Seeking Safety, a widely accepted psychotherapy for co-occurring PTSD and alcohol use disorder, focuses on coping skills rather than exposure. The thought is that establishing safety through better coping skills is the first priority, and that eliciting traumatic memories too early may be harmful–and may trigger drinking.

To compare the two approaches, researchers recruited 119 patients with both PTSD and alcohol use disorder. One group was given integrated prolonged exposure therapy, and a second group was given Seeking Safety. Both types of treatment incorporated cognitive behavioral intervention for alcohol use disorder alongside the PTSD psychotherapy.

Both interventions led to fewer days of heavy drinking and a decrease in PTSD symptoms, as measured by the Clinician Administered PTSD Scale-5. While both treatments lowered PTSD symptoms, patients who received prolonged exposure had significantly lower PTSD symptom scores, as well as higher rates of PTSD remission.

Immediately after treatment, 22% of prolonged exposure patients had achieved PTSD remission, compared with 7% in the coping skills group. Three months after treatment, those numbers were 25% versus 6%. After six months, 33% of prolonged exposure patients were in remission, while only 15% of coping skills patients were.

Patients in both groups reported high levels of satisfaction with their treatment. Patients in both groups also had fewer heavy drinking days after treatment. This reduction in drinking was not significantly different between groups, contrary to the researchers’ expectations. They speculate that this result could be due to the similarity between the cognitive behavioral interventions used for each group. Although the prolonged exposure group did not have less heavy drinking than the coping skills group as the researchers expected, exposure therapy did not lead to increased drinking, as many experts in the field might think it would.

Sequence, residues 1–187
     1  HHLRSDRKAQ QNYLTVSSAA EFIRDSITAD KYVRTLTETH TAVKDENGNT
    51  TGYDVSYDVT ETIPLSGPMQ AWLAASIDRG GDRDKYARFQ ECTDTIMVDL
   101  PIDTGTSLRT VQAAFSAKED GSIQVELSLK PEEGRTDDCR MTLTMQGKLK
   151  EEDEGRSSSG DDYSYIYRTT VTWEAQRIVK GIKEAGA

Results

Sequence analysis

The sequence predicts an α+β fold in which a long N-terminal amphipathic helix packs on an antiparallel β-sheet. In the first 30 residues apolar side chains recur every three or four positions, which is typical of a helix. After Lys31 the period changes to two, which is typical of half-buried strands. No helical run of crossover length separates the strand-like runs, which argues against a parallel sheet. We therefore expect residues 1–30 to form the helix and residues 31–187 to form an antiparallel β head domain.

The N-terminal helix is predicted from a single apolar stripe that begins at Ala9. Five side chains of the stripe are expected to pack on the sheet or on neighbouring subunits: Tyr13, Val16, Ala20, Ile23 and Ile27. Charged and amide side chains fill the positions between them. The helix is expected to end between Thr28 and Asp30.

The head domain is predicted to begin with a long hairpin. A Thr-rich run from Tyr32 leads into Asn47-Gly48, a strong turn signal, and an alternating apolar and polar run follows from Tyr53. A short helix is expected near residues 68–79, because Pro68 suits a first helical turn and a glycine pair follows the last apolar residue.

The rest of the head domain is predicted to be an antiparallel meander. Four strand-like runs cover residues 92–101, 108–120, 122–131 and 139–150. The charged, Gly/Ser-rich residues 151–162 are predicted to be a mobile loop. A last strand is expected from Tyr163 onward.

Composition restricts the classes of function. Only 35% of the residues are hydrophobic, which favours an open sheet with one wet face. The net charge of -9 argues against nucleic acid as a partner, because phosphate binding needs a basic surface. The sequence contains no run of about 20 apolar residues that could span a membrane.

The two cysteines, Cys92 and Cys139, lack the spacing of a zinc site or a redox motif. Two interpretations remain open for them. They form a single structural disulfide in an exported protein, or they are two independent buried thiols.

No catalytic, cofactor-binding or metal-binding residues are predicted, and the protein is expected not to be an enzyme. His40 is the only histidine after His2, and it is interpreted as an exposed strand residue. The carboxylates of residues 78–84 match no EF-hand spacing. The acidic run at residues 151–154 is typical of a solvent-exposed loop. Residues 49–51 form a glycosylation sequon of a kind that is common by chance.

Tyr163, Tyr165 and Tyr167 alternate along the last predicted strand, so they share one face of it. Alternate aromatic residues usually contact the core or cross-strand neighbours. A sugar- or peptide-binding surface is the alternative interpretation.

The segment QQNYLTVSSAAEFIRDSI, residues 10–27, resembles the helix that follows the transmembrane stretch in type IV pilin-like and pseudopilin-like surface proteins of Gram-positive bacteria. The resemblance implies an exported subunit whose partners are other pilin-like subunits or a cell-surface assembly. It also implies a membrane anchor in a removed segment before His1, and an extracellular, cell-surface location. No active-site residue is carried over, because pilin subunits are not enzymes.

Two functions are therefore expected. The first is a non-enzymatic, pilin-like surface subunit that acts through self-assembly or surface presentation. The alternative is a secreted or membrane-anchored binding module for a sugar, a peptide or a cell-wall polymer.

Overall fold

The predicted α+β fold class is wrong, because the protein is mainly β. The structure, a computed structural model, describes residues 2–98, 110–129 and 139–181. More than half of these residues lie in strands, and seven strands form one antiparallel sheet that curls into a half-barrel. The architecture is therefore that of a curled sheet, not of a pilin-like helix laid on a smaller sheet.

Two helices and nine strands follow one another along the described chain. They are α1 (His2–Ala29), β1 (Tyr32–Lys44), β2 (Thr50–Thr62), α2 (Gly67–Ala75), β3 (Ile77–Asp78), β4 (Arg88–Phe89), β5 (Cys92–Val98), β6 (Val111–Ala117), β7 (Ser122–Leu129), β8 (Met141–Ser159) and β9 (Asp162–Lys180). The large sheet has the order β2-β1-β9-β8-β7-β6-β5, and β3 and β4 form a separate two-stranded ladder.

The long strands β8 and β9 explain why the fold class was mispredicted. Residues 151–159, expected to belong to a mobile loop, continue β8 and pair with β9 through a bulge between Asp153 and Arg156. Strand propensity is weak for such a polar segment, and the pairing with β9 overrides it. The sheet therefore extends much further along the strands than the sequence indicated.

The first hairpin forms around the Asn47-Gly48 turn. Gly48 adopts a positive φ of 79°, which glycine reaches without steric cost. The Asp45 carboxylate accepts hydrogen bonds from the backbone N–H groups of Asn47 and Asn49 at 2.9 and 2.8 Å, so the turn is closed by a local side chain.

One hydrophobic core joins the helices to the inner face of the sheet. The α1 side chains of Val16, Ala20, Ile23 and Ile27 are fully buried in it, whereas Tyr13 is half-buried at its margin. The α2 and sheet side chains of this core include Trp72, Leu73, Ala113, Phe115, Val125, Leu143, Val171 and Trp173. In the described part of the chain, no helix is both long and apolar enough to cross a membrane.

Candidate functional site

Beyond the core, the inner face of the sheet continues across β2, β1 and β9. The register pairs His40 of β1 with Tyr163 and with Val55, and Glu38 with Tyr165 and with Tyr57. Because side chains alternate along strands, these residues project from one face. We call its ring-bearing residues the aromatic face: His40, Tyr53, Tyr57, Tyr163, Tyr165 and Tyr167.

The results show that prolonged exposure therapy is more effective at treating PTSD than treatment without exposure regardless of whether patients also have alcohol use disorder, say the researchers. They conclude that many patients may not be getting the most effective treatment because of their alcohol use disorder.

Coping skills therapy still has its uses, according to the researchers. Coping skills therapy may be useful when patients refuse prolonged exposure or when prolonged exposure is not available, but the researchers say their results suggest that prolonged exposure should be the first line of treatment for patients with PTSD and alcohol use disorder.

Research into prolonged exposure therapy continues. “The next stage of this research,” explained Norman, “is to learn how to make prolonged exposure even more effective for patients with PTSD and alcohol use disorder. We are now conducting a study where we are combining medication to help reduce drinking with prolonged exposure to see if the combination helps patients complete prolonged exposure and benefit even more from the treatment.”